I had hoped those features would be added by Apple in a future update, and I’m happy to report that this seems to be happening with the version of Photos that will ship with El Capitan.
The biggest addition is editing of image data, individually and in batches. In Photos you’ll be able to add location information to a single photo or an entire batch, batch-organize faces, and batch-change titles.
Another huge user complaint was about a lack of flexibility in sorting albums. (The first version of Photos let you sort them any way you want, as long as it was by date.) The new version of Photos will let you sort them by date, title, and more.
Photos will support image-editing extensions written by third-party developers. If there’s a particular editing effect or tool that isn’t available in Photos, a developer can write an extension that provides that feature, and it can be accessed from within Photos. I wasn’t able to test this feature out because, unsurprisingly, I don’t currently have access to any of those extensions.
Of course there’s more. Though I haven’t been able to test the claims–and beta versions, even public ones, are not usually ideal for speed testing–Apple claims that in El Capitan, apps launch up to 40 percent faster, switching between apps takes half the time, and opening PDFs is up to four times faster. A lot of speed boosts in El Capitan are due to Apple’s adoption of Metal, the high-speed graphics technology that came to iOS last year. Apple itself is using Metal for its key graphics technologies, including CoreAnimation and CoreGraphics, so this isn’t a case where Apple’s tossing out a shaky new technology and hoping that third-party developers work out the bugs. As the saying goes, Apple’s eating its own dog food on this one.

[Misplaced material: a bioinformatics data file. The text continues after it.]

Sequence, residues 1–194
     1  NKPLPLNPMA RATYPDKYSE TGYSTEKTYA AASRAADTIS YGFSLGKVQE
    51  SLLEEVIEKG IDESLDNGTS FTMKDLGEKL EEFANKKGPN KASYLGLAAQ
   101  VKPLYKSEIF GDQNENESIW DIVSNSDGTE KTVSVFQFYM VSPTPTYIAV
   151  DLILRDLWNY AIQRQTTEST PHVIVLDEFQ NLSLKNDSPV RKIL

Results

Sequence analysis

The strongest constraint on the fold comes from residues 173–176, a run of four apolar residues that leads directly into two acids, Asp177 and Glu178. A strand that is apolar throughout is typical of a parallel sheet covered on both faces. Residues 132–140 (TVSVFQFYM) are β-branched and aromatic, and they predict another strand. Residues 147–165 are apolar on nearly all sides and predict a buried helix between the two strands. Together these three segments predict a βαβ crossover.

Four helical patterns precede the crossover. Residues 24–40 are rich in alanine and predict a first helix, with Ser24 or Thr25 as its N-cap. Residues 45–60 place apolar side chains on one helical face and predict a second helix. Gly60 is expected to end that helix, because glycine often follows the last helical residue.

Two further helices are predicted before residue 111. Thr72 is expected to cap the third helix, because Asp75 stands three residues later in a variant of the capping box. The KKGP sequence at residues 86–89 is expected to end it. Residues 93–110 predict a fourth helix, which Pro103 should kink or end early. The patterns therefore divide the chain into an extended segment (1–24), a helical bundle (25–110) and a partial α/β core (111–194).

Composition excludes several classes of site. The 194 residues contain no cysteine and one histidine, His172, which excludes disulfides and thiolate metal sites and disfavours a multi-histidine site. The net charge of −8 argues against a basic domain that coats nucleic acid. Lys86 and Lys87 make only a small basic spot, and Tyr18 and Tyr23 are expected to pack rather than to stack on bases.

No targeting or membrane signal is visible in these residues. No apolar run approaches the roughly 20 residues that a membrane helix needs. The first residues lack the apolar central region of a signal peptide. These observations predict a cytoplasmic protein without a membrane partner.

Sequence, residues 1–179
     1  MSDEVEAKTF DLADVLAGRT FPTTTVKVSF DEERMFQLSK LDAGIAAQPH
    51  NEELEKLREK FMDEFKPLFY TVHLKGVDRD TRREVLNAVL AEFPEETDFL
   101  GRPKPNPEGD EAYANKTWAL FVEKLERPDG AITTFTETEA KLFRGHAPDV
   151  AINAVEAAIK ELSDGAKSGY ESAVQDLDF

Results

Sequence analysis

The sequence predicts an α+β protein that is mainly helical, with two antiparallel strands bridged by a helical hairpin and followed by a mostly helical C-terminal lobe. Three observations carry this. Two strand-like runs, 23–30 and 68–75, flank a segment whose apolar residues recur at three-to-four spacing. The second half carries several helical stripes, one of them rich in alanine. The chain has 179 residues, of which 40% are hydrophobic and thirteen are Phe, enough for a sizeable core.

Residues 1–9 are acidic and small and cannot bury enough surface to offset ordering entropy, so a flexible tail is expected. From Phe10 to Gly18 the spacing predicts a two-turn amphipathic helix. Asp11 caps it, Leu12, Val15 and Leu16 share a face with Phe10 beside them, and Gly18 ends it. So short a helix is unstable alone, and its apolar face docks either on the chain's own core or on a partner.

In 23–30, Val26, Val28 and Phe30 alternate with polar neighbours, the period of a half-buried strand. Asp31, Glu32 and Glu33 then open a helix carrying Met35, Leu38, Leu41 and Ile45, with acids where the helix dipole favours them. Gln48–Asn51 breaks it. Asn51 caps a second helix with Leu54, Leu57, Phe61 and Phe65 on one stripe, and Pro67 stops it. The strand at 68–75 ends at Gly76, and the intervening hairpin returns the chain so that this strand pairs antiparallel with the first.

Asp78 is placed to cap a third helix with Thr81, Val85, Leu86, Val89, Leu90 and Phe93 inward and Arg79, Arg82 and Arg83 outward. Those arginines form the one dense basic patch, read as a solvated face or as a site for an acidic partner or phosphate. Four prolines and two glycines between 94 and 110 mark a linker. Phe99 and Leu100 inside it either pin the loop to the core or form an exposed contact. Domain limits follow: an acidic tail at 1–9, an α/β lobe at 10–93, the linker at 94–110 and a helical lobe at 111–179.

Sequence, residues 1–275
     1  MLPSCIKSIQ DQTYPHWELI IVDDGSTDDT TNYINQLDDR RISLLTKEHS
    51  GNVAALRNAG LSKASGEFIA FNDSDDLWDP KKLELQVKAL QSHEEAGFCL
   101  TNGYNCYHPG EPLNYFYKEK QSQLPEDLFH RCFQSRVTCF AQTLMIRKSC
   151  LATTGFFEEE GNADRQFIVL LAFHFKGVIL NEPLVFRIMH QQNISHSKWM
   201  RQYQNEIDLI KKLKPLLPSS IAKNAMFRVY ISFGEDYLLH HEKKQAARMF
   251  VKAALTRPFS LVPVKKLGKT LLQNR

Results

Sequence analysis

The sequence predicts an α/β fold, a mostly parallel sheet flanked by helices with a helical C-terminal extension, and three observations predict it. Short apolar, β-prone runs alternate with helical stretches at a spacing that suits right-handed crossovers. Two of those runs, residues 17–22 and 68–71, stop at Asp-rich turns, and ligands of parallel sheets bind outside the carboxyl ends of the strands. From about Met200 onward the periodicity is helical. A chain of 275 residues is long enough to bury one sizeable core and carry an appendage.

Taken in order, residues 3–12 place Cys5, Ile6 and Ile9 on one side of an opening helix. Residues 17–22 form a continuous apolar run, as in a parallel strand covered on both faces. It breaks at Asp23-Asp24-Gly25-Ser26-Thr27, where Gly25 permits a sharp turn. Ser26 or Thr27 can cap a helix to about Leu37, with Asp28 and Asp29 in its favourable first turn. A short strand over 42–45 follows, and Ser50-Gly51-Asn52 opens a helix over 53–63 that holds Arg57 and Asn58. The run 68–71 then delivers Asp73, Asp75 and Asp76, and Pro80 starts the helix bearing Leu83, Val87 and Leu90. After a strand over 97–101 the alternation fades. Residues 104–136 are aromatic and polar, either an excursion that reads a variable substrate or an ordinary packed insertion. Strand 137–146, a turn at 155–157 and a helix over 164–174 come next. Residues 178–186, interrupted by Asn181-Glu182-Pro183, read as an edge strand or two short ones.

Other new features in El Capitan include transit support in Maps–though it’s limited to even fewer cities in the beta version than the relatively small number of cities due when El Capitan ships this fall. Clicking the Transit tab when you’re in an unsupported city displays a banner that informs you there’s no transit data for that city. (Maybe the Transit tab could fade out when no data is available?)
Using tomorrow’s OS X today is an exciting prospect! But even a public beta is still a beta. That means that some features won’t be fully functional and there will be bugs. I highly recommend that you don’t install the El Capitan Public Beta on a system that you haven’t backed up. If it’s the only Mac you’ve got in order to get your work done, think twice. Consider installing it on an external drive or separate partition, or be prepared to restore to an older version of OS X in case of disaster or (more likely) software incompatibility.
Still, El Capitan feels pretty good to me. I love the audio-muting features of Safari and can’t wait to use some slow in-flight Wi-Fi just so I can test out the new features of Apple Mail. And the speed boosts and support for Metal should improve everyone’s Mac experience by making everything just a little bit faster. Isn’t that what upgrades should be about?